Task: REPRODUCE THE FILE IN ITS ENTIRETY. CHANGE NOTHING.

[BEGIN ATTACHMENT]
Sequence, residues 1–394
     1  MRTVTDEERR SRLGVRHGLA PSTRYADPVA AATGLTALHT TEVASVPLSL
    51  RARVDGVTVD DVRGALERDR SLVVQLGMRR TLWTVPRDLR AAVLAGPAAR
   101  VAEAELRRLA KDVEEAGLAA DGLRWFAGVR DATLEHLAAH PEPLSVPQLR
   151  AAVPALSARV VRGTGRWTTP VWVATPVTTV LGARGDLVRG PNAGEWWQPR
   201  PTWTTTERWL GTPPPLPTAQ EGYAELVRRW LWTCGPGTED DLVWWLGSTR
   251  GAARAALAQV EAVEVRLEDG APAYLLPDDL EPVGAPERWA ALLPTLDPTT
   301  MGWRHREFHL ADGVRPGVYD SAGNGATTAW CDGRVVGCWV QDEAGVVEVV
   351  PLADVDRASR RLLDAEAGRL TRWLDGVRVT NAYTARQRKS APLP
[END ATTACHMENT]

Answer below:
Sequence, residues 1–394
     1  MRTVTDEERR SRLGVRHGLA PSTRYADPVA AATGLTALHT TEVASVPLSL
    51  RARVDGVTVD DVRGALERDR SLVVQLGMRR TLWTVPRDLR AAVLAGPAAR
   101  VAEAELRRLA KDVEEAGLAA DGLRWFAGVR DATLEHLAAH PEPLSVPQLR
   151  AAVPALSARV VRGTGRWTTP VWVATPVTTV LGARGDLVRG PNAGEWWQPR
   201  PTWTTTERWL GTPPPLPTAQ EGYAELVRRW LWTCGPGTED DLVWWLGSTR
   251  GAARAALAQV EAVEVRLEDG APAYLLPDDL EPVGAPERWA ALLPTLDPTT
   301  MGWRHREFHL ADGVRPGVYD SAGNGATTAW CDGRVVGCWV QDEAGVVEVV
   351  PLADVDRASR RLLDAEAGRL TRWLDGVRVT NAYTARQRKS APLP